It was a simple question: How much do hospitals charge to remove an appendix?
The answer stunned researchers at the University of California, San Francisco.
As the Associated Press reported, the researchers found that California hospitals charge anywhere from the price of a refrigerator to the cost of a house.
For this common procedure, patient bills varied from as little as $1,529 to as much as $182,955, with an average of $33,000 -- and experts worry that the situation isn't unique to California.
"There's no method to the madness," said lead author Renee Hsia, an emergency room physician and UCSF researcher. "There's no system at all to determine what is a rational price for this condition or this procedure."
Hsia said she and her colleagues expected to see variations among hospitals of two or three times the amount, but not 100 or 121 times.
The study illustrates that "the laws of supply and demand simply do not work well in health care," Howard Brody, M.D., director of the Institute for the Medical Humanities at the University of Texas Medical Branch in Galveston and a frequent critic of skyrocketing medical costs, told the Associated Press.
The researchers examined 2009 data that hospitals were required to submit to the state on 19,368 adults under age 60 with appendicitis. To get the fairest comparisons, the researchers included only uncomplicated cases with hospital stays of less than four days.
Huge variations in pricing were found, even within the same county, the researchers reported.
The study also found:
* Charges went up with the patient's age.
* The uninsured and those on Medicaid were charged more.
* Those with other health conditions, like cancer, diabetes and congestive heart failure, were charged more.
Obviously, patients should be shopping for price when it comes to health care, but that's easier said than done, the researchers note. A patient doubled-over in abdominal pain, they write, "is in a poor position to determine whether his or her physician is ordering the appropriate blood work, imaging, or surgical procedure."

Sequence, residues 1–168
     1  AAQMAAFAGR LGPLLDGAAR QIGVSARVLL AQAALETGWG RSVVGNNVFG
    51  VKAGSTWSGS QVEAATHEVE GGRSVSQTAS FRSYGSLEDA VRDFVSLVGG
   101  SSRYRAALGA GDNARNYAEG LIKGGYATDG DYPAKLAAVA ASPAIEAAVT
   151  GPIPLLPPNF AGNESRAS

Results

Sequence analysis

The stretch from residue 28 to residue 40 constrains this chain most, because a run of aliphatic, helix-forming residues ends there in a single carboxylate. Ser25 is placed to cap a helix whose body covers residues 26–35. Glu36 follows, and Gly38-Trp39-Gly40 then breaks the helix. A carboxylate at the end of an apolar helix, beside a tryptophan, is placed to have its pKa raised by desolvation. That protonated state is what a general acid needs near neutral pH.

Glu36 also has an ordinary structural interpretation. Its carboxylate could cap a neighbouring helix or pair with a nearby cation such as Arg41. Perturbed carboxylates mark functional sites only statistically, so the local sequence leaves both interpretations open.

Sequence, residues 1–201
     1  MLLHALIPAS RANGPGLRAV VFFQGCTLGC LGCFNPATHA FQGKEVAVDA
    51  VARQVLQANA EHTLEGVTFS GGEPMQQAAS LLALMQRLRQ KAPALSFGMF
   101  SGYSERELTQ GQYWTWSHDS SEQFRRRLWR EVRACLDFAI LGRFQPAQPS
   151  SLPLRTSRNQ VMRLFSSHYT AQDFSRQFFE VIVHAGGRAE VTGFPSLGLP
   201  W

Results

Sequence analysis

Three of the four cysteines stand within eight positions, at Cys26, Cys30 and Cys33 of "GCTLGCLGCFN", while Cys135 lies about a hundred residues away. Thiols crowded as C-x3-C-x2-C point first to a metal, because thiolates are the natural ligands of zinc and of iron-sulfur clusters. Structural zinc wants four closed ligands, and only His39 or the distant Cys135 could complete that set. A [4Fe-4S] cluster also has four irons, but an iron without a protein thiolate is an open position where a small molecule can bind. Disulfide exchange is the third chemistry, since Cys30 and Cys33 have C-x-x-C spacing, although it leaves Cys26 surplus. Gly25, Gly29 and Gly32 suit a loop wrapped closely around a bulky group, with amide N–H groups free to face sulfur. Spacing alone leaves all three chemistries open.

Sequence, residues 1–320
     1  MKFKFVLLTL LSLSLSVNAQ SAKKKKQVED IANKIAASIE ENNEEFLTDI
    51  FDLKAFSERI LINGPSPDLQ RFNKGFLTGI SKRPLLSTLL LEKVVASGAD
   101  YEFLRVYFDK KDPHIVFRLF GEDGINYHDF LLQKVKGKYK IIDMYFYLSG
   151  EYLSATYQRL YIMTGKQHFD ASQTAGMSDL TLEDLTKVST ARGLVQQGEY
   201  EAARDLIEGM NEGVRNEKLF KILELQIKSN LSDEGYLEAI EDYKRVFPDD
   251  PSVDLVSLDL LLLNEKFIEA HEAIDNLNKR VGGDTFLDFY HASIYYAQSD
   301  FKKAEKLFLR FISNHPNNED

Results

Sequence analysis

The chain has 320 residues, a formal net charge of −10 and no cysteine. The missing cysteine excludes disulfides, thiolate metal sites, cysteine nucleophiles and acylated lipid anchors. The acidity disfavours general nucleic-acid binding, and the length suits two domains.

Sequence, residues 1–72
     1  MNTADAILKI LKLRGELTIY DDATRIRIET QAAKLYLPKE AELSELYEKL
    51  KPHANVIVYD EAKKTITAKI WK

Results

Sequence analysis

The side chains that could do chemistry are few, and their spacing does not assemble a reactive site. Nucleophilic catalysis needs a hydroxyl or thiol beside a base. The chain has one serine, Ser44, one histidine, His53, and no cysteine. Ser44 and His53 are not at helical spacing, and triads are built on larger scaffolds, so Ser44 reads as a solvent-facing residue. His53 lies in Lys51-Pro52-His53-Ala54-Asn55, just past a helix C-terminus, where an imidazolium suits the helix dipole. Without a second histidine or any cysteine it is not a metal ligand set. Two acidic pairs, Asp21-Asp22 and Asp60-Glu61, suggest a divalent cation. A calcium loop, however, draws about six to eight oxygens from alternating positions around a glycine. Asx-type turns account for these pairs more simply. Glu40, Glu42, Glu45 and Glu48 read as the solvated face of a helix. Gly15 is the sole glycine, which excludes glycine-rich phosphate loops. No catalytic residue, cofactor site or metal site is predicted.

So what can consumers do if faced with an exorbitant bill?
There are companies that can help you negotiate your hospital bill.
The consumer website Healthcare Blue Book offers a guide to fair prices in your area, which can give you some idea of what you should have been charged. In addition, the website also offers tips on how you can negotiate a lower bill.
In other health news:
FDA approves new faster-acting Viagra. The first new erectile dysfunction drug in a decade was approved last week by the Food and Drug Administration. Avanafil, which will be sold under the brand name Stendra, is faster-acting than its rival Viagra, Reuters reports.
Survey shows best, worst paid doctors -- and many regrets. Increasing numbers of U.S. doctors regret their career choices --- even while taking in salaries average Americans might consider pretty sweet, reports USA Today. Those salaries remain much sweeter for some specialists than others, though, according to an annual survey of physician pay from Medscape/WebMD. Among the highest paid doctors: radiologists ($315,000) and cardiologists ($314,000). Among the lowest paid: pediatricians ($156,000), family medicine doctors ($158,000), and internal medicine ($165,000).
Should your dog be watching TV? The New York Times reports on DogTV, the first cable network to deliver 24-hour programming for dogs. The shows are actually three- to six-minute segments featuring grassy fields, bouncing balls and humans rubbing dog tummies. There are also segments featuring noiseless vacuum cleaners and muted doorbells to help make dogs more comfortable around such common household agitations.
Hand-me-downs are useful -- even when it's a kidney. Msnbc.com reports that a single kidney that was transplanted twice in two weeks is working fine after what appears to be the first-ever case of doctors salvaging a hand-me-down organ after it started to fail.
Photo credit: urbanbohemian via flickr.com